Adding walnuts to your diet could help you live longer

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It seems everyone is on a quest for the secret to adding years to their life while reducing the risk of age-related diseases.

Much is spoken about the type of foods to avoid, which include saturated and processed foods, but what about the foods to include in your diet for a long and healthy life?

Fruits and vegetables will always be on the list, but so are seeds and particularly nuts.

As with most things, not all nuts are created equal with some having a far higher fat content.

But one such nut comes out on top, with numerous health experts recommending eating walnuts in moderation to stave off age-related diseases.

Researchers who have studied diet history for over 20 years have praised walnuts for their countless health benefits. Studies show walnut-eaters have a greater likelihood for being more physically active, a better quality diet and improved heart health.

A study published from the Coronary Artery Risk Development in Young Adults Study further bolstered these claims.

The long-term and ongoing study supported by the National Heart, Lung and Blood Institute of the National Institutes of Health aimed to examine the development of heart disease risk factors over time.

It suggested how a simple handful of walnuts in a person’s diet could act as a bridge to other health-promoting lifestyle habits later in life.

It’s found that five or more servings of walnuts per week may provide the greatest benefit for reducing mortality risk and increasing life expectancy.

The findings also reinforce that walnuts might be an easy and accessible food choice to improve a variety of heart disease risk factors when eaten in young to middle adulthood.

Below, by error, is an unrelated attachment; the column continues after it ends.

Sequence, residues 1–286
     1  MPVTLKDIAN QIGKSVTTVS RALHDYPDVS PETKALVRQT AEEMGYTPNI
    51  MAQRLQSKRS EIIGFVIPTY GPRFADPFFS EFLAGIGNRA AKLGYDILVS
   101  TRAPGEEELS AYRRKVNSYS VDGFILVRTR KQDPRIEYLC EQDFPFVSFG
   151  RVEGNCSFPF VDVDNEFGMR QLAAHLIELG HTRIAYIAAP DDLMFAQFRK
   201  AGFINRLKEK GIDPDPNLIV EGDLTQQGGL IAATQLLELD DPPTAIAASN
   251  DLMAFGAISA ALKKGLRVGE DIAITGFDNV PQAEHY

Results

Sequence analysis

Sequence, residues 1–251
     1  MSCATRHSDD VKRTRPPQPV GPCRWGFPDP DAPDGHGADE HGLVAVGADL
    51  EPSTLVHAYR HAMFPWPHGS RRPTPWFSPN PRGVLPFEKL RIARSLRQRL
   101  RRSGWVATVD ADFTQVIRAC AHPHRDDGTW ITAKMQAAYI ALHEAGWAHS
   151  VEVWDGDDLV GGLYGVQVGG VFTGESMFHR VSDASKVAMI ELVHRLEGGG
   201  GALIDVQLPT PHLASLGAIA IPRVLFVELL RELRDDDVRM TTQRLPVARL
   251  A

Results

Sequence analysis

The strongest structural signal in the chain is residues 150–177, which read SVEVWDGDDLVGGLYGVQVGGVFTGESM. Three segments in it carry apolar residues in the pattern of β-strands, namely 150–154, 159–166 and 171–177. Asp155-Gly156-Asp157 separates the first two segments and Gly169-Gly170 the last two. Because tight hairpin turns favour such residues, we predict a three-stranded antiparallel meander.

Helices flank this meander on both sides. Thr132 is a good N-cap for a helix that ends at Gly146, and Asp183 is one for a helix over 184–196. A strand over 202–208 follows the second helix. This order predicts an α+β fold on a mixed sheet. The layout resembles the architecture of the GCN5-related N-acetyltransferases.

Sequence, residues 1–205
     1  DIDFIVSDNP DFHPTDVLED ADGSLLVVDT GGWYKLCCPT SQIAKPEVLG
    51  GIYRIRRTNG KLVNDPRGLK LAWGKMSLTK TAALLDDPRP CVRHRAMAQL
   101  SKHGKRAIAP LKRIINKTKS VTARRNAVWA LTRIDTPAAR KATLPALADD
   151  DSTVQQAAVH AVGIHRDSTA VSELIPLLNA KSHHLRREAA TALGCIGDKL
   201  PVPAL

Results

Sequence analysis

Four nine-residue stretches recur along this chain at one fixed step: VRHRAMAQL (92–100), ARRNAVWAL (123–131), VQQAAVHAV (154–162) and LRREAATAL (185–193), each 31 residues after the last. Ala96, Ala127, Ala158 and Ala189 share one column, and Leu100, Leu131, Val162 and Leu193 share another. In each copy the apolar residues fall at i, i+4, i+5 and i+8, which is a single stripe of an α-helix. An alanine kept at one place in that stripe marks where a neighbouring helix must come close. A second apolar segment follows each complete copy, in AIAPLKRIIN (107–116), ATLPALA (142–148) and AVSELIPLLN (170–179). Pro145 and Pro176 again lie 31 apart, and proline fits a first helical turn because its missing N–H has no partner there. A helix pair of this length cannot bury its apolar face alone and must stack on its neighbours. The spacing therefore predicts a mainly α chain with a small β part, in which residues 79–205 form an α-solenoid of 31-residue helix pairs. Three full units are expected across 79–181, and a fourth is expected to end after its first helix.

In a recent study published in Nutrition, Metabolism & Cardiovascular Diseases, researchers noted that a possible explanation for the results could be due to the unique combination of nutrients found in walnuts and their effect on health outcomes.

The study by scientists at the University of Minnesota School of Public Health involved information collected from 3,023 men and women aged between 18 and 30 years.

Self-reported diet history was taken at three times throughout the study.

Participants were divided into “walnut consumers,” “other nut consumers” or “no nut consumers”, and assessed for relationships among heart disease risk factors, including dietary intake, smoking, body composition, blood pressure, plasma lipids, triglycerides, fasting blood glucose and insulin concentrations in 352 walnut consumers, 2,494 other nut consumers, and 177 no nut consumers.

Other research found that moderate walnut consumption was associated with a 14% lower risk of death (from any cause), 25% lower risk of dying from cardiovascular diseases, and a gain in about 1.3 years of life expectancy, compared to those who didn’t consume walnuts.

Consuming walnuts two to four times per week could have its benefits too, with the study finding a 13% lower risk of death overall, a 14% lower risk of dying from cardiovascular diseases, and a gain in about one year of life, compared to non-walnut consumers.

One ounce of walnuts is a powerhouse of important nutrients for optimum health, including protein (4g), fibre (2g), a good source of magnesium (45mg) and an excellent source of the essential omega-3 ALA (2.5g).

According to Dr Lyn M. Steffen, professor of epidemiology and community health at the School of Public Health and Lead Researcher on CARDIA: “Walnut-eaters seem to have a unique body phenotype that carries with it other positive impacts on health like better diet quality, especially when they start eating walnuts from young into middle adulthood – as risk of chronic diseases like heart disease, obesity, and diabetes elevates.

“There was a good degree of diversity in terms of the research field locations geographically speaking and the population studied,” added Dr Steffen.

“Following these women and men for 30 years provides an unparalleled window of study into how lifestyle decisions made in free-living environments in young adulthood can affect health in middle-age.”